How to Invest: A Singaporean’s Guide To Investing for Beginners
Personal finance involves managing your Income, Spending, Insurance, Savings and Investments.
If you are reading this now, you are probably looking to invest to grow your money.
Are You Ready to Invest?
You are if you check all these points!
- Have paid off high interest debt
- Have enough insurance coverage
- Have spare cash (i.e after accounting for 6 months of savings funds)
- Have an investing horizon of 5 years or more
- Possess investing knowledge
- Ready to do your own due diligence
You may have stumbled upon some financial blogs online.
Or you may have read some of Seedly’s blog posts and feel inspired to start investing.
Regardless of how promising a certain investment may sound…
Always, ALWAYS do your own due diligence.
But if you’re ready for that, you are also ready to invest and get returns higher than the inflation rate (and even more)!
And you shouldn’t procrastinate and put off investing for another time (which may never come).
First Things First: How To Open A CDP Account & Choose A Brokerage?
Before we even talk about what to invest in.
You need a CDP and brokerage account for most of the investments that I’ll be talking about.
We’ll even help you to figure out which is the best online brokerage to use.
- CDP vs Custodian Account? Which Should I Use and Why?
- Ultimate Cheatsheet: Cheapest Stock Trading/ Brokerage House In Singapore
- Real User Reviews On Online Brokerage
What’s Covered In This Investment Guide?
Click on me to go to the relevant section!
Guide to Singapore Savings Bond
For: Low risk; Individuals who are risk-averse and want high liquidity.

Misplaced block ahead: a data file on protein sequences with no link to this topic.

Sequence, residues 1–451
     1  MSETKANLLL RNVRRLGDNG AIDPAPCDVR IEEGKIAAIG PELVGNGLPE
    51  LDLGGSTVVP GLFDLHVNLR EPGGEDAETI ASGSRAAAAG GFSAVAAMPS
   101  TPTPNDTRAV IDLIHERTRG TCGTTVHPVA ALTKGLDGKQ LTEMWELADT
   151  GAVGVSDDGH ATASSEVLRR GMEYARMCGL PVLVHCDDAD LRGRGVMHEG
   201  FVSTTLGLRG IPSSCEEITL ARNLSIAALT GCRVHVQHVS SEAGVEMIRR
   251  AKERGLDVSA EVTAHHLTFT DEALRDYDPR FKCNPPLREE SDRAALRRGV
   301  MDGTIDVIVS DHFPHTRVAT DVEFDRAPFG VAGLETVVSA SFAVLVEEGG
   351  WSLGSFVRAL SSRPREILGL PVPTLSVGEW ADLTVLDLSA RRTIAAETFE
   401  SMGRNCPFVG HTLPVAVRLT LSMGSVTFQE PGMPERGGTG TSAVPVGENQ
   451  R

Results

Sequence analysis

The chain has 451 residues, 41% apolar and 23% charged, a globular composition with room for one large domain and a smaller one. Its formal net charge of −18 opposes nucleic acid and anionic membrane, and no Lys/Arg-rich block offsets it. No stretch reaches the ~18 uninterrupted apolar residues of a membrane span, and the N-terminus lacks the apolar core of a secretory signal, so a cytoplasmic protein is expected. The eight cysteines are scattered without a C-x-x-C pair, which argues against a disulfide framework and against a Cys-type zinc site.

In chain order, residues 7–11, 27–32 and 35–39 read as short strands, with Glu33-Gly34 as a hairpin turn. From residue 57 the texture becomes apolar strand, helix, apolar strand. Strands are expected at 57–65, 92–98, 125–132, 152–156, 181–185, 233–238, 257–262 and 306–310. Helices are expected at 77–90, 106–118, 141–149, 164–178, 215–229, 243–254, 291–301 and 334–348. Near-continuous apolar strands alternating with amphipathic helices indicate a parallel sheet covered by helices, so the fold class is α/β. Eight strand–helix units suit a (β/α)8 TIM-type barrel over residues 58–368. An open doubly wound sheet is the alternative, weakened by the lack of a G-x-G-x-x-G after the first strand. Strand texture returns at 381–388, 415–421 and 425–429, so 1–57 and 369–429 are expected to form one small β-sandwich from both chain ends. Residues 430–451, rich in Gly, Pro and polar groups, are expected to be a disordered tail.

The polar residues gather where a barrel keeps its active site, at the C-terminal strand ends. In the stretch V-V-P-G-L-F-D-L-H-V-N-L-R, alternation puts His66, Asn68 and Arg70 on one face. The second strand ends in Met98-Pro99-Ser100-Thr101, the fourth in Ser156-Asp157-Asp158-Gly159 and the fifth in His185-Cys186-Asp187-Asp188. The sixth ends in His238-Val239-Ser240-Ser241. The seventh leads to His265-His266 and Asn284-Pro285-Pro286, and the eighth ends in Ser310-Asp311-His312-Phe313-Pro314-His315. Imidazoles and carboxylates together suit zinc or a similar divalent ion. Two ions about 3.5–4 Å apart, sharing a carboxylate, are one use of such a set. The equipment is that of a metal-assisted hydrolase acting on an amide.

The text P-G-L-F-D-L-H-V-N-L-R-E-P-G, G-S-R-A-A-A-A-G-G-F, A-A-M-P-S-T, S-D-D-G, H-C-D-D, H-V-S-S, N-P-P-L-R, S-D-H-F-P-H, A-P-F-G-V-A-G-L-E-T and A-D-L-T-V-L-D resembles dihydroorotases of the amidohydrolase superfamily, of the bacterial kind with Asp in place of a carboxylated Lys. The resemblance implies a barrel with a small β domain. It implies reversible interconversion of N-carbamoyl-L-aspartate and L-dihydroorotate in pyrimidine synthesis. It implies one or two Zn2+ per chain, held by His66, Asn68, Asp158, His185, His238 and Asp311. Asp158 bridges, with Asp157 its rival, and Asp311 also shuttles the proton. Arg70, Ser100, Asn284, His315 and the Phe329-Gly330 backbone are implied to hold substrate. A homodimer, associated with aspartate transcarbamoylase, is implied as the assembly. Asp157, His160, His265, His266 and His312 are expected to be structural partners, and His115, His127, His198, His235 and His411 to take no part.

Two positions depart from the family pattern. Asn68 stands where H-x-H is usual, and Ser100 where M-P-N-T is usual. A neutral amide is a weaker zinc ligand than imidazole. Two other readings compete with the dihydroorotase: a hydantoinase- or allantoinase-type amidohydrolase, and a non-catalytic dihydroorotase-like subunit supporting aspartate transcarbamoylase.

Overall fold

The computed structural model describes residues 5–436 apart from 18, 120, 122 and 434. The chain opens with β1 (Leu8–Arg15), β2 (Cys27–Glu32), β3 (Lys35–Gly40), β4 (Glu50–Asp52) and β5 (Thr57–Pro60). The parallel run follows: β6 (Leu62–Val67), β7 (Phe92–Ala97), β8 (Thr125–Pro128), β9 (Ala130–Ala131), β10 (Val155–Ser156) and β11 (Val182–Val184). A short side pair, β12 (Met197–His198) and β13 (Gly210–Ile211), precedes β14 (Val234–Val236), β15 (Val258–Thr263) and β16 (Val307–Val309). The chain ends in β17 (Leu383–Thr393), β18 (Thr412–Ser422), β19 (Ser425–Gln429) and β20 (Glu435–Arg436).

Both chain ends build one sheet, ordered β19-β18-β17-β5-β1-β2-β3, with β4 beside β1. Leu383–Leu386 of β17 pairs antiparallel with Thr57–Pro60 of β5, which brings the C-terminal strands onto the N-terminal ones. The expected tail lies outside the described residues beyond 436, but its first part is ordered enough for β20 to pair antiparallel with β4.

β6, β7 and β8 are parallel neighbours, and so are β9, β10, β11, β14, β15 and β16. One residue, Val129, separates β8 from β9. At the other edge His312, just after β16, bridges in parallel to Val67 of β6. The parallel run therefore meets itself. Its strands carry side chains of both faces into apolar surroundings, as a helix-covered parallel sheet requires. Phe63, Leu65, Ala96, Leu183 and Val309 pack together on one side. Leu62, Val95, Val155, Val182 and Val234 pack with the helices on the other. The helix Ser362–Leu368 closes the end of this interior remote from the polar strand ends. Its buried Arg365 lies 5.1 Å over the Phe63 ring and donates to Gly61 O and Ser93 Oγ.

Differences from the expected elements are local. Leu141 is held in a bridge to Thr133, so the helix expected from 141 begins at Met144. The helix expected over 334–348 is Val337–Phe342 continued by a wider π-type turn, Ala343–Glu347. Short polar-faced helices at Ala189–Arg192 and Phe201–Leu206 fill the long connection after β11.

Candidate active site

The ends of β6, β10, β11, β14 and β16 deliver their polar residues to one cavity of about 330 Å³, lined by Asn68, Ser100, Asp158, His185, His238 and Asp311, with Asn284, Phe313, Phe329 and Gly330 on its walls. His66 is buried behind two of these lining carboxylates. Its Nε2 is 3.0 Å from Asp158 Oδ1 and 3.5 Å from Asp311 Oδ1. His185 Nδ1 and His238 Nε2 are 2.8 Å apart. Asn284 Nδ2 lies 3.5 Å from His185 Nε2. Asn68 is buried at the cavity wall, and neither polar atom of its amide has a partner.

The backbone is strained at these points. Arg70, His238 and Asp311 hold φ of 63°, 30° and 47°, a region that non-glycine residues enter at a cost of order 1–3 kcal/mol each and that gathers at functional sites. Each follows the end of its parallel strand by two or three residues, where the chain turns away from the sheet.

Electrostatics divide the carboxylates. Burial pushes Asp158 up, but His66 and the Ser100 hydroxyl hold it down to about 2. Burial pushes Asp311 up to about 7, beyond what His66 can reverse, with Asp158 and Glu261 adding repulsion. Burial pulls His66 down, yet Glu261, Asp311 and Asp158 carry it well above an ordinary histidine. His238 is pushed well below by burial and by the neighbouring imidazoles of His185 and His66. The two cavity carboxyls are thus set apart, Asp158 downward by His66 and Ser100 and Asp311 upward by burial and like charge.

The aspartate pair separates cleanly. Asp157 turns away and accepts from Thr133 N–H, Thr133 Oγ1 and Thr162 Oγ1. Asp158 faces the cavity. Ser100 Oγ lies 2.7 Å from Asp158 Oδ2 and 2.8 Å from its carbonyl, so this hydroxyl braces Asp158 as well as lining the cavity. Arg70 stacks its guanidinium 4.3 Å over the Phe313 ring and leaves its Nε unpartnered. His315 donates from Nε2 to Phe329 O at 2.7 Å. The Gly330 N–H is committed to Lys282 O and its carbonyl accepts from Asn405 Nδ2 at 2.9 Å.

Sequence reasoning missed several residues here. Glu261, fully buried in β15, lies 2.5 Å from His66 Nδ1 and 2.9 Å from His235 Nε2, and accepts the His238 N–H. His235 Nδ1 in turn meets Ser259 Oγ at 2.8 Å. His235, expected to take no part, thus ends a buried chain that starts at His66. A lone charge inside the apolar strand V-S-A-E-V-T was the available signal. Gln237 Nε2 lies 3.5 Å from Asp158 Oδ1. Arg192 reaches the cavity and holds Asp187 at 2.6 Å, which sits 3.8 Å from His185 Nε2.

If you want low risks but want to still beat inflation, Singapore Savings Bond is for you.
If you are curious and wanna know how the SSB rates are calculated, here’s something for you:
Guide to Exchange Traded Funds
For: Medium risk; Individuals who want to diversify at lower costs.
An Exchange Traded Fund (ETF) usually tracks an index or a pool of many companies.
Investing in an ETF gives you a small stake in many different companies and is more cost-effective than investing in 30 different companies individually.
- A Beginner’s Guide On How To Invest in ETFs in Singapore
- ETFs in Singapore (SGX): What Investors Should Know
- How To Choose The Right Exchange Traded Fund (ETF) To Invest In?
- STI ETF: A Simple Way To Invest In Singapore’s Top 30 Companies
- Best U.S. ETFs in 2020
- A Dummies Guide To Investing In Ireland-Domiciled S&P 500 ETFs
- Popular ETFs Listed in Hong Kong
- The Ultimate Compilation of Exchange-Traded Funds (ETFs)
Guide to Regular Savings Plan
For: Medium risk; Individuals who want to cultivate the habit of investing monthly.
A regular savings plan or regular shares savings plan (RSSP) is an investment plan that allows you to invest a small and fixed amount of money (as low as S$50) into a particular investment product on a monthly basis.
- Working Adults: Easiest Ways To Invest A Monthly Sum For Beginners
- Which Regular Shares Savings (RSS) Plan Is The Cheapest? DBS vs OCBC vs PhillipCapital
Guide to Robo Advisors